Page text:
The Steering Committee is co-chaired by the Director-General for the Maritime Region, Department of Fisheries and Oceans (DFO) and the Northeast Regional Administrator of the US National Marine Fisheries Service (NMFS). Committee members also include representatives of the New England Fisheries Management Council (NEFMC), Canada's Gulf of Maine Advisory Committee (GOMAC), and Canadian and US fishing industries. One of the first tasks undertaken by the groundfish TMGC was the development of a resource-sharing formula for allocating eastern Georges Bank cod, haddock and yellowtail flounder stocks between the USA and Canada.

Atlantic Haddock Tagging Programs

With grant support from the Northeast Consortium, CCCHFA has carefully developed a tagging program for Atlantic haddock (Melanogrammus aeglefinus). Northeast Consortium Cooperative Haddock Tagging will pool the resources of CCCHFA, the Gulf of Maine Research Institute (GMRI), NOAA Fisheries Northeast Fisheries Science Center, 20 benthic longline vessels and 15 fishermen trained and acting as tagging technicians. CCCHFA will be the central coordinating body, while GMRI will use the infrastructure developed for the Northeast Regional Cod Tagging Program to manage tag deployment and return data, tag returns and reward distribution.

Haddock Recipes

This collection includes recipes for haddock chowder as well as baked or broiled haddock.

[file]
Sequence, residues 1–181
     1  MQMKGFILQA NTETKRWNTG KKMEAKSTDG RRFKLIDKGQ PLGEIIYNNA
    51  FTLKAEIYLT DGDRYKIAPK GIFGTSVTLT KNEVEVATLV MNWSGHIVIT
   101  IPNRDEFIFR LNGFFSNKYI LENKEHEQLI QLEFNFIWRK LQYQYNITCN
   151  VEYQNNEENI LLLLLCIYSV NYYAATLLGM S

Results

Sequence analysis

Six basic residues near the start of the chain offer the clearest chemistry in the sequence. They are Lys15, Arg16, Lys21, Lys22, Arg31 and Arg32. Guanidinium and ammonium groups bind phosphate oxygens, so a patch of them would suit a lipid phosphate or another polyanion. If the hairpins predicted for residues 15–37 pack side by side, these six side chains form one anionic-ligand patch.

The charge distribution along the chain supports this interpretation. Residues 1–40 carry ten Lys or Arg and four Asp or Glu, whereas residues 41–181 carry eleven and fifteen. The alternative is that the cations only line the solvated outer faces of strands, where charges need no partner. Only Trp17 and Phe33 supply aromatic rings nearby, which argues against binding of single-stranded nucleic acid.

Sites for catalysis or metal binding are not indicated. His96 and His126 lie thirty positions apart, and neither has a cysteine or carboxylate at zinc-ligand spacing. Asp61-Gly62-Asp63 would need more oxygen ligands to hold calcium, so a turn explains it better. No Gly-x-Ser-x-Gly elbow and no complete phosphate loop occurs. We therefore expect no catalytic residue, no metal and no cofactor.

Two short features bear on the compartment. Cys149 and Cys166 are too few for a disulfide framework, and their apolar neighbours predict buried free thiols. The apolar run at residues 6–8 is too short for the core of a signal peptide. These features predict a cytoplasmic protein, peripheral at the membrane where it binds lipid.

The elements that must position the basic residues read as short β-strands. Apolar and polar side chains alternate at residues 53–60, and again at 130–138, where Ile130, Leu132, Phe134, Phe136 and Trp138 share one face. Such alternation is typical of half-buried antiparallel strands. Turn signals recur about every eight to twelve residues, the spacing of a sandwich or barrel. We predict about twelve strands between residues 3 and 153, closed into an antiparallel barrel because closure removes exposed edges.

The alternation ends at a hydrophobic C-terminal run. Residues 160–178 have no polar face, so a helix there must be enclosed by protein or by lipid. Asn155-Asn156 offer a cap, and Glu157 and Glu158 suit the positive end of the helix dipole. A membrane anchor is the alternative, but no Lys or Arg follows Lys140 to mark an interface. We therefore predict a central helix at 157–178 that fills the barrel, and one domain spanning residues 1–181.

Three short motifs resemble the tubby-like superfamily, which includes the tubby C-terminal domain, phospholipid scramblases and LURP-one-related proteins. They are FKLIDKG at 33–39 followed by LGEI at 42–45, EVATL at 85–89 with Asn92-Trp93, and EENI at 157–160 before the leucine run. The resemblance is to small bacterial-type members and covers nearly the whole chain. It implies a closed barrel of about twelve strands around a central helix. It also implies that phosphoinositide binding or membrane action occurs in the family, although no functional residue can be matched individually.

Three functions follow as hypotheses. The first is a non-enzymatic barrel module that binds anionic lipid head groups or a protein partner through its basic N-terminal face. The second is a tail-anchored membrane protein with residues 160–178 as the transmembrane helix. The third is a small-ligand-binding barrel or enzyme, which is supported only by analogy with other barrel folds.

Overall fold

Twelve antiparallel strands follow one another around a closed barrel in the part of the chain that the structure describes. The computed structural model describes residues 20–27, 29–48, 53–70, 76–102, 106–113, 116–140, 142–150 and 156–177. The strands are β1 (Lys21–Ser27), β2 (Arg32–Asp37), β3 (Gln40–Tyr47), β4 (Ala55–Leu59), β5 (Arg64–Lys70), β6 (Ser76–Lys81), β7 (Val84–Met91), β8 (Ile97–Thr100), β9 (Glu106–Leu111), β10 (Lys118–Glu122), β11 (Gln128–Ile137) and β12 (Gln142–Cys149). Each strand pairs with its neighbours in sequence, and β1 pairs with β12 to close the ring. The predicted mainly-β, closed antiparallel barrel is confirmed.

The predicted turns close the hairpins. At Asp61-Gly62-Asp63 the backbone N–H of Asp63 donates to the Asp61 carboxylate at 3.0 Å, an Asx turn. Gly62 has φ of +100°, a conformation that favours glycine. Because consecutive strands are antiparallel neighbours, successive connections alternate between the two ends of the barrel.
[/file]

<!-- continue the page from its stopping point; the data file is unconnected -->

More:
Haddock Chowder

2 lbs. haddock

2 potatoes peeled cut into 3/4 inch cubes

1 small onion, sliced

6 strips bacon or salt pork

3 Tbsp. butter

2 cups scalded milk

salt and pepper to taste


Remove skin and fillets and cut off head and tail. Cut fish into 2 inch pieces and set aside.

Put head, tail, and backbone pieces into a stew pan, add 2 cups of cold water and bring slowly to boiling point; cook 5 minutes.

Cut bacon or salt pork into small pieces and fry out, add onion and fry 5 minutes. Strain fat into a large pan, add potatoes to fat, then add 2 cups boiling water and cook 5 minutes.

Add liquor drained from the bones, add fish, cover and simmer 5 minutes.

Add milk, salt, pepper, and butter.

To thicken, melt 1 tablespoon butter and add 2 tablespoons flour, blending well. Gradually add 2 cups scalded milk.

Serve steaming hot with crackers.

Broiled Haddock Parmesan

2 pounds haddock fillets

2 tablespoons lemon juice

1/2 cup grated Parmesan cheese

3 tablespoons mayonnaise

1/4 teaspoon salt

1/4 cup butter, room temperature

3 green onions, chopped

thinly sliced lemon and parsley for garnish, optional

Place fillets in a single layer on a greased baking dish or broiler pan; brush with lemon juice.

Combine Parmesan cheese, mayonnaise, salt, butter, and green onions in a small bowl; set aside.

Broil flounder fillets 4 to 6 minutes, or until fish flakes easily with a fork. Remove from oven; spread with cheese mixture.

Broil about 30 seconds longer, or until cheese is lightly browned and bubbly.

Garnish with sliced lemon and parsley if desired.

Serves 6 to 8.

German Style Haddock and Potato Pie

2 lb haddock fillets


3-4 tbsp butter

2 onions; chopped

2 lb potatoes; boiled and sliced

2 eggs

1 cup sour cream

salt, pepper and mace to taste

1/2 cup breadcrumbs

Clean haddock and cut into fork-sized pieces. Sprinkle with salt and refrigerate 1/2 hr. Rinse and dry.

Preheat oven to 350. In a skillet melt butter; when bubbling saute onion til browned.

Butter a casserole dish. In alternate layers add potatoes, fish and onions. Continue building layers ending with potato.

Beat eggs and fold them into the sour cream. Season with pepper, mace, salt and pour over the potatoes.

Sprinkle with breadcrumbs and additional butter. Bake 30-40 minutes; until top is brown.